In her one-night stand in the Rose Room, Lincoln Center's lofty new jewel-box space, Broadway baby Elaine Stritch defined the rare art of solo performance so few performers achieve. At the worldly age of 80, Stritch is more than a legend: She is a monument.
In her one-night stand in the Rose Room, Lincoln Center’s lofty new jewel-box space, Broadway baby Elaine Stritch defined the rare art of solo performance so few performers achieve. At the worldly age of 80, Stritch is more than a legend: She is a monument. Though not a repeat of her Tony-winning solo show “Elaine Stritch at Liberty,” the new program for the American Songbook series — clocking in at an all too fleeting 75 minutes — is equally rich with the same saucy flavor and theatrical savvy. There is knowing insight in her delivery of a show tune, braced by a lethal sense of humor.
Her familiar black tights, blouse and vest look even more stylish against the sparkling night lights of Central Park South. “Why am I doing a club act if I can’t find a play to do?,” Stritch ponders, punctuating her query with the notion that she can always find a five-minute song to treat with the theatrical thrust of a full-length play.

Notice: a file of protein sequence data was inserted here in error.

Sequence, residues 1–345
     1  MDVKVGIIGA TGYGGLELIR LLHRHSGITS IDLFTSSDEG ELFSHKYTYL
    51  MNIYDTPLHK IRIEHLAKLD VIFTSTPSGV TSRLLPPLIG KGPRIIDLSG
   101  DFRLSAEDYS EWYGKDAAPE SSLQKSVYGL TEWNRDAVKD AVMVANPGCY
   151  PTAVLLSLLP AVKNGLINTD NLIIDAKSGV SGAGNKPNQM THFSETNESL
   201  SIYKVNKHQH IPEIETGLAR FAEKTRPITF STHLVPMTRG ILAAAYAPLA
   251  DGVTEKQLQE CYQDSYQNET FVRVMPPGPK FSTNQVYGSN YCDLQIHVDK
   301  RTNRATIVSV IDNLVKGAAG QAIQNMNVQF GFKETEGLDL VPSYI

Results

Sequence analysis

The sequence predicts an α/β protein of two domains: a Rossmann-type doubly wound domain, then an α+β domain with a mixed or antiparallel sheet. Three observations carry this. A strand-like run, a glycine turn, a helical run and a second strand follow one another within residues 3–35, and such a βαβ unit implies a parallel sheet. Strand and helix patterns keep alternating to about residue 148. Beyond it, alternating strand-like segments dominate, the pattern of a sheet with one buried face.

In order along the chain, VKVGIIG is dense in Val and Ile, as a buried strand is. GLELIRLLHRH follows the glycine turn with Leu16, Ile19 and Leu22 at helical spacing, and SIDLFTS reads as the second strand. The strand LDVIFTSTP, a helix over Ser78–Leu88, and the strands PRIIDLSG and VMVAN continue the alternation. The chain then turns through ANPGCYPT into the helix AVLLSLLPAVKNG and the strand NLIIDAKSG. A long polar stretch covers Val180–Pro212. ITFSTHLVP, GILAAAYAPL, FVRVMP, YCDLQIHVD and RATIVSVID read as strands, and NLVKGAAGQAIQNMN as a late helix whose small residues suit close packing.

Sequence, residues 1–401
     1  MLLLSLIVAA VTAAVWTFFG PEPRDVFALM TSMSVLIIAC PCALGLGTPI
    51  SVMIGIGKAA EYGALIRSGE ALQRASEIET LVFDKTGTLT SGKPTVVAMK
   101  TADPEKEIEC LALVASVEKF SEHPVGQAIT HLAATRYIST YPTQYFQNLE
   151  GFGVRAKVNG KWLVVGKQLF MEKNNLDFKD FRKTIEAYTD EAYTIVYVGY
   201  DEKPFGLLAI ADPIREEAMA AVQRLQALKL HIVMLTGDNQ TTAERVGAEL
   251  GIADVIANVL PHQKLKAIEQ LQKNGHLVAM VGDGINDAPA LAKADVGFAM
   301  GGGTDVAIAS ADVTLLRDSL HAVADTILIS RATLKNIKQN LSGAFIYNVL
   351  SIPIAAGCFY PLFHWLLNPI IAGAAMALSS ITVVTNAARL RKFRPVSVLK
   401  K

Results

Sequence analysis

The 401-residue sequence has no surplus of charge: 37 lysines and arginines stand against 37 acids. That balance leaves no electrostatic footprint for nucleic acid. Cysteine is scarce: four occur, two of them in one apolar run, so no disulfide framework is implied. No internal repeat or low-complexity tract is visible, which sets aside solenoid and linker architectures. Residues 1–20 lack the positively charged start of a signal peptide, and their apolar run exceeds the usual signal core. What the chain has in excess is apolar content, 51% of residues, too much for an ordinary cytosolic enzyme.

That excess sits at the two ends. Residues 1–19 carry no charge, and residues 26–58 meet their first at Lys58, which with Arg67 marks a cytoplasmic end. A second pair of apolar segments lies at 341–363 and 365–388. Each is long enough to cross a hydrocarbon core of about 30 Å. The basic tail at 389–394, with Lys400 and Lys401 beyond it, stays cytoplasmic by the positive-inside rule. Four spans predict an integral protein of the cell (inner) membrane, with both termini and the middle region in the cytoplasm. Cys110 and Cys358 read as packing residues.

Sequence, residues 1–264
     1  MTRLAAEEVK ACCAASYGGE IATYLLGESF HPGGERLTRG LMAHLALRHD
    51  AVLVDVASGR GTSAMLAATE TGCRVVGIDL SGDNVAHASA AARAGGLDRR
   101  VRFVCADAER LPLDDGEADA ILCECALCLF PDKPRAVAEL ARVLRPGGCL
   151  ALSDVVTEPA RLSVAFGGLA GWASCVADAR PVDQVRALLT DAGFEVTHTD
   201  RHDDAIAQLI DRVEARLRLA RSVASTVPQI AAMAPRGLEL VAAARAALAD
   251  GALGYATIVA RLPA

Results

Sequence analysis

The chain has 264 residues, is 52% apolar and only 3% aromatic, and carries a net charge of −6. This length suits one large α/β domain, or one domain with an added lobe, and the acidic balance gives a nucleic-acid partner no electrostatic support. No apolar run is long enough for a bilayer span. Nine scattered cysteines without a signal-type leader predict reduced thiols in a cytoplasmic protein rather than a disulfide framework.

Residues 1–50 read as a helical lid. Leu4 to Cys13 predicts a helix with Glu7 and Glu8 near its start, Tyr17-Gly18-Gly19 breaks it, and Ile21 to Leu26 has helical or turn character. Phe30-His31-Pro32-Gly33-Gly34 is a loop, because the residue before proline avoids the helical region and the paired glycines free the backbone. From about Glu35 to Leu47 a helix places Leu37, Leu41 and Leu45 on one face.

Making a musical assessment of exceptional roles for women on Broadway, Stritch mines the salty humor of the Arthur Schwartz-Dorothy Fields portrait of a genial old beau, “He Had Refinement” from “A Tree Grows in Brooklyn,” and provides a sharply defined reflection of “Could I Leave You,” Stephen Sondheim’s acerbic observation of a vengeful wife.
A lethal dose of celeb name-dropping, from Janet Leigh and Tony Curtis to a less-than-chummy blind date with Frank Sinatra, is punctuated by the presence of a “busker” who played the violin at Noel Coward’s funeral; his name was Yehudi Menuhin.
Coward, who told Stritch he was afraid of not being remembered, wrote “Something Very Strange” for her to sing in “Sail Away,” and its lilting remembrance of recurring forgotten melodies recalls the master’s bittersweet melodic gift.
The pointed wisdom of Jerry Herman’s optimistic assessment of a “Dear World” is framed with sweet simplicity, although the composer lamented that he ever wrote it. And there’s Sondheim’s rueful guide to bad manners, “The Ladies Who Lunch,” a Stritch perennial.
“I Wanna Get Married,” a naughty old Broadway confessional introduced by willowy torch singer Gertrude Niesen in the ’40s, is an especially keen rediscovered gem.
The durable Stritch is the personification of Broadway’s golden age, and she just may be its last golden nugget. She brings her gold dust to the Cafe Carlyle this fall.